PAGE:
What is marketing? I find myself asking this question again as I sit and wait in Bristol Temple Meads station for the next train back to London. This question has been on my mind since the very first lecture I sat in. Ask me why? It’s because I had literally just started my diploma and was presented with a due date for my first assignment (gulp).
Now perhaps I am being over eager blogging about this, but the word “marketing” seems to cause some controversy, as each person will of course have their own opinion on what marketing actually is and where it lies in their organisation.
So far, we have spoken about how marketing is all about our “customers” and meeting their needs, wants, demands & desires – all of which revolves around being marketing orientated. Everyone that we exchange with (whether it be for a product or a service) are still classified as a customer. This means that everyone from our donors to our suppliers can be classified as a customer, and each of them need to be a part of our marketing plan. Now, I know that some might disagree with this. I did at first, because aren’t we paying our suppliers for the service/product we receive? But what if I said to you that your volunteers and staff are also your customers, how many of you would stop reading this?
To those who agree with me or those who simply want to know what I am on about – they ALL are your customers. Everyone that we interact with day to day are our customers. Why? Because everyone has an opinion, a choice and freedom to share with anyone they wish. They (volunteers) can choose to continue working within your organisation or not, they can recommend you to another beneficiary/charity/individual/media/etc or complain about you &/or your services. This is why it’s recommended that we have a clear marketing plan – for us to be able to identify who our customers are, how we can meet their needs & wants with the resources that we have, and aim to exceed them.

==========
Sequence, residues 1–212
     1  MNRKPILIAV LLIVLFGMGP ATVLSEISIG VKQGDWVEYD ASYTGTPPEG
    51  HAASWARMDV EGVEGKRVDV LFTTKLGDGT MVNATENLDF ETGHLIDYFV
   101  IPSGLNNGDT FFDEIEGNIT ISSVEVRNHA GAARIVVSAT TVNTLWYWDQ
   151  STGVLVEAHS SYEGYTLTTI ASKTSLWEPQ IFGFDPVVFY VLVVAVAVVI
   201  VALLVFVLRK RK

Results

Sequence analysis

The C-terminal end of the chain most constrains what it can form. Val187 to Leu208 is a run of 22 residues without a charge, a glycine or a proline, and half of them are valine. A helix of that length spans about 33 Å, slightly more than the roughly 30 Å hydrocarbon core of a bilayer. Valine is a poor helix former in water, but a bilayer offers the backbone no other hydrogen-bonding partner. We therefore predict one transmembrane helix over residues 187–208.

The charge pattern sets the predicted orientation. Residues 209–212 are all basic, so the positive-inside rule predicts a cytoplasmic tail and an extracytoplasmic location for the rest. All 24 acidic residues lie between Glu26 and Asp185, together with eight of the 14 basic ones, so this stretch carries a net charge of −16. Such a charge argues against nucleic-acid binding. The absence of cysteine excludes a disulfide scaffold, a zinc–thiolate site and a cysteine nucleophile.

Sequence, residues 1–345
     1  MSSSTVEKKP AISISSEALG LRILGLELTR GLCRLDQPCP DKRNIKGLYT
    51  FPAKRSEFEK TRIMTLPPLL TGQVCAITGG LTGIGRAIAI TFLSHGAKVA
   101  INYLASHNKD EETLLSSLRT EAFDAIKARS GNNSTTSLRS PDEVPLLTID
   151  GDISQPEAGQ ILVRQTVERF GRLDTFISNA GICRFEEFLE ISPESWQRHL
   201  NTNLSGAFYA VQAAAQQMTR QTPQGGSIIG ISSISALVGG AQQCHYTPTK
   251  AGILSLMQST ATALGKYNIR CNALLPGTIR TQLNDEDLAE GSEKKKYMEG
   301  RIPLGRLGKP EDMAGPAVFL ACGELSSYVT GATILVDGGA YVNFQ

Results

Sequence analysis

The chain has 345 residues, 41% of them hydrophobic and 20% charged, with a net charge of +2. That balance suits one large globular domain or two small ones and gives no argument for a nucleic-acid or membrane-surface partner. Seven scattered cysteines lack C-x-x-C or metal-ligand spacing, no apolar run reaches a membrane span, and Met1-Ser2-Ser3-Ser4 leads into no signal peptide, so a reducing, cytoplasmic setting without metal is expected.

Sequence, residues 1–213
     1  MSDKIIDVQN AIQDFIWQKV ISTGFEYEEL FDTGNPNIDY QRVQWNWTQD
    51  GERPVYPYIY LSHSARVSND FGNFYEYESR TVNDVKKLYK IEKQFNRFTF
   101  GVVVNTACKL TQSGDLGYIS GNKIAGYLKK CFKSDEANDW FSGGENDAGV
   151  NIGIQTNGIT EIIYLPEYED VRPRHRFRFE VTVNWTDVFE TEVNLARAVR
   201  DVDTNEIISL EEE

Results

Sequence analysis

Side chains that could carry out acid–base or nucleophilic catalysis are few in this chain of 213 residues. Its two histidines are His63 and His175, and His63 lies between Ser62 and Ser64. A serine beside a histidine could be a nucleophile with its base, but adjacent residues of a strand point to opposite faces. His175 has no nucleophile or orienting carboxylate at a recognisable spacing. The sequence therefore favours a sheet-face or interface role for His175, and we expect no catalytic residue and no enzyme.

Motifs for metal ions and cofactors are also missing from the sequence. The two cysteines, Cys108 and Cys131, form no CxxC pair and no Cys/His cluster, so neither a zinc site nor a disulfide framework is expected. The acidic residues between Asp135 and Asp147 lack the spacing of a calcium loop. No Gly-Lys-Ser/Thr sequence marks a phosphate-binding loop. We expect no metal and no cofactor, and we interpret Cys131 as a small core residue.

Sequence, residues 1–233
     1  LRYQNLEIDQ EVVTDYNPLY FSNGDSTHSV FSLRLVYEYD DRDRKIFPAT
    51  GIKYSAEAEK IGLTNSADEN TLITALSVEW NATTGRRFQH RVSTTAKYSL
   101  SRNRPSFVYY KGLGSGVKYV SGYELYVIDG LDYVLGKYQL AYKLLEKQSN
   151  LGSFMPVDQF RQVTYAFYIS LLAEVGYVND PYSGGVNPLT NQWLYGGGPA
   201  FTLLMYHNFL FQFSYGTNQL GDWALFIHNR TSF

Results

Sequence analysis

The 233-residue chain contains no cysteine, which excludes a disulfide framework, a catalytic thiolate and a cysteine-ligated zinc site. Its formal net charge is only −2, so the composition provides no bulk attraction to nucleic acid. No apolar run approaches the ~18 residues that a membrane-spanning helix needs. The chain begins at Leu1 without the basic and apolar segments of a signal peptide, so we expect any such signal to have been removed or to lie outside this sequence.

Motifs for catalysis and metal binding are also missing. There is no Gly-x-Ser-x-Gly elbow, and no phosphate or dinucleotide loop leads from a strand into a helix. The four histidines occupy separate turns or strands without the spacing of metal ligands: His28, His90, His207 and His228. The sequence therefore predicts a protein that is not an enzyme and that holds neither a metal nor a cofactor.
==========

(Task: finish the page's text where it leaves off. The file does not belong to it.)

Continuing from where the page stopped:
Now, not everyone reading this will have the same customers. Some may have volunteers and others may not or do not require any. Other bigger organisations need to look at the media as being a big customer because they can influence many people around the world with one article/news broadcast. It all depends on which organisation you work in and who your customers are.
Now, I know that I work for an agency and our customers are clear to me – they are every single charity out there, as each one of them could become one of our clients. Our customers (in no particular order) – UK based charities, Processing Bureaus, Suppliers, Media, Competitors, Staff & Members of the public.
I would really like to put this to the guru’s out there (well those who I think have done some really great work in the sector from the marketing angle) and hear what your thoughts are on marketing & what it means to you/your organisation? These folks include @rachelbeer @markyphillips @johnlepp @annarwalsh @frdetective @causeperfect.
Thanks to everyone who has read this. Please feel free to add your thoughts & opinions, all is welcome and it’s great to get feedback so that I can perhaps use this in my next assignment.